Immigrants disproportionately make up frontline workers in dealing with the COVID-19 pandemic, not just as healthcare professionals, but also as grocers, clerks, cleaners, and janitors. These immigrants are serving in frontline jobs during the pandemic while the healthcare system is overwhelmed and many of them already lack healthcare, job security, and other protections afforded to other individuals.
Immigrant Share of Frontline Workers
A study conducted by the think tank New American Economy found that immigrants can compose between 40.1 and 51 percent of healthcare workers (in Los Angeles, New York, and Miami). However, in other metropolitan areas, immigrants compose between 18 and 26.4 percent of the healthcare workforce. These areas include San Francisco, Houston, Boston, Dallas-Forth Worth, and Seattle. Moreover, nationally, immigrants compose 16.4 percent of healthcare workers.
Cities Anticipate Shortage of Healthcare Workers
Cities, think tanks, and experts have warned that the United States is short on a broad range of healthcare workers. Indeed, in 2018 there were 12.3 healthcare jobs open per unemployed healthcare worker. Further, for positions that require more training, such as physicians and nurses, the gap was even larger – 27 open positions for each unemployed practitioner. The COVID-19 pandemic has exacerbated that trend.
Roles Immigrant Healthcare Workers Fill
Further, immigrant healthcare workers fulfill vital roles in hospitals. During any medical emergency, but especially during a pandemic, clear communication with patients is vital. Immigrant healthcare workers often serve as translators for other physicians or nurses or can serve their patients directly speaking bilingually.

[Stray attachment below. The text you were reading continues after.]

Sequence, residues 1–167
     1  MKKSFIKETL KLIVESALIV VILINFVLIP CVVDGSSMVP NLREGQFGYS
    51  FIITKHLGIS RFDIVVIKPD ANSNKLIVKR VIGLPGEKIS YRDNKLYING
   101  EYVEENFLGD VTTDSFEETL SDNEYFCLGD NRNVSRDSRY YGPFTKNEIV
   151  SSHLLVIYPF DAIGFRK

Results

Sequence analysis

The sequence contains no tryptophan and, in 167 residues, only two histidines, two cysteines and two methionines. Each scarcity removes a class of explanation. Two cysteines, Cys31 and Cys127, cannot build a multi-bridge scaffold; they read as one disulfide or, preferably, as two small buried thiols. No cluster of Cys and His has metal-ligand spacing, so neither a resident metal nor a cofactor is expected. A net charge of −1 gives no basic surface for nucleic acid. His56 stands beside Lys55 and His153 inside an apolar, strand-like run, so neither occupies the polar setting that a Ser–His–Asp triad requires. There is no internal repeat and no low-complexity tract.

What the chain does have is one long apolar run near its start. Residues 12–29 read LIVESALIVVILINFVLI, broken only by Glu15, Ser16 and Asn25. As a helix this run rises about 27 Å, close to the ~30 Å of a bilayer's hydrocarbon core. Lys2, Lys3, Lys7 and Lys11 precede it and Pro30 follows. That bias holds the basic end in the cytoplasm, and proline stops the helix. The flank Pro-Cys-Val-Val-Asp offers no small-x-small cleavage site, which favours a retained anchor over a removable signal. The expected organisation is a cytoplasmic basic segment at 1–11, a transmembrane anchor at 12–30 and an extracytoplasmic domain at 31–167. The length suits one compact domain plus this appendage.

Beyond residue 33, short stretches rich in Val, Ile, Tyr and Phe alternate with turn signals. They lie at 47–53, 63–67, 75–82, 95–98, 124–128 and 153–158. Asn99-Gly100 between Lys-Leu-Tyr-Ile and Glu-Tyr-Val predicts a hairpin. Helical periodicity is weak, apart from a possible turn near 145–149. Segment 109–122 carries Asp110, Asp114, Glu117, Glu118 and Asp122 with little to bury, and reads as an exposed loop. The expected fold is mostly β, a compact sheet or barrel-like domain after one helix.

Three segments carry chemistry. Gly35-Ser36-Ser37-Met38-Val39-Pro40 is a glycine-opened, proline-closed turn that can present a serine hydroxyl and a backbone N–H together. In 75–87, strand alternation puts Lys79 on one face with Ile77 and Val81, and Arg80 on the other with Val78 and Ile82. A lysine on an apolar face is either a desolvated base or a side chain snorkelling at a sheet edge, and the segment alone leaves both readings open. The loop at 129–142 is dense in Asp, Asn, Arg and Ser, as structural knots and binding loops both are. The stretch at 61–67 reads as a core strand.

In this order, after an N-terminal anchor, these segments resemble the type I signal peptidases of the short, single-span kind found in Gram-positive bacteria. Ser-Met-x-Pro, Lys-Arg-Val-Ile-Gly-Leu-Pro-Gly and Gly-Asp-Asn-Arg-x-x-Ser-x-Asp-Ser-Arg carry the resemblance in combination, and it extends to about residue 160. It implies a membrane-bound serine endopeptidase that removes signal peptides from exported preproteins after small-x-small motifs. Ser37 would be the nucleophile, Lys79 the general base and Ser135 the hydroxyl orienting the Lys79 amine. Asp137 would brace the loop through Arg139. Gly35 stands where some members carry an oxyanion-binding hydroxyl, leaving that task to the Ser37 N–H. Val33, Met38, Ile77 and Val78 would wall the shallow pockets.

For example, in New York, 75 percent of physicians, surgeons, and respiratory therapists, speak more than one language, which is crucial during a pandemic. Immigrant healthcare workers are very effective at serving their communities.
However, many of these immigrants are also going to work without adequate protective personal equipment. While healthcare workers’ struggles are well-documented, less attention is paid to grocers, clerks, and janitors. These roles are designated essential; however, many of these positions lack adequate protective equipment. Moreover, immigrants are also vulnerable to abuses by their employers because they lack the same protections are other residents. The Administration’s orders also make it more difficult for immigrants to obtain protections as it made evident by its latest designation that meat processing plants are critical national infrastructure. Those factories mostly employ immigrant labor and, so far, are failing to provide adequate equipment or to impose sufficient social distancing.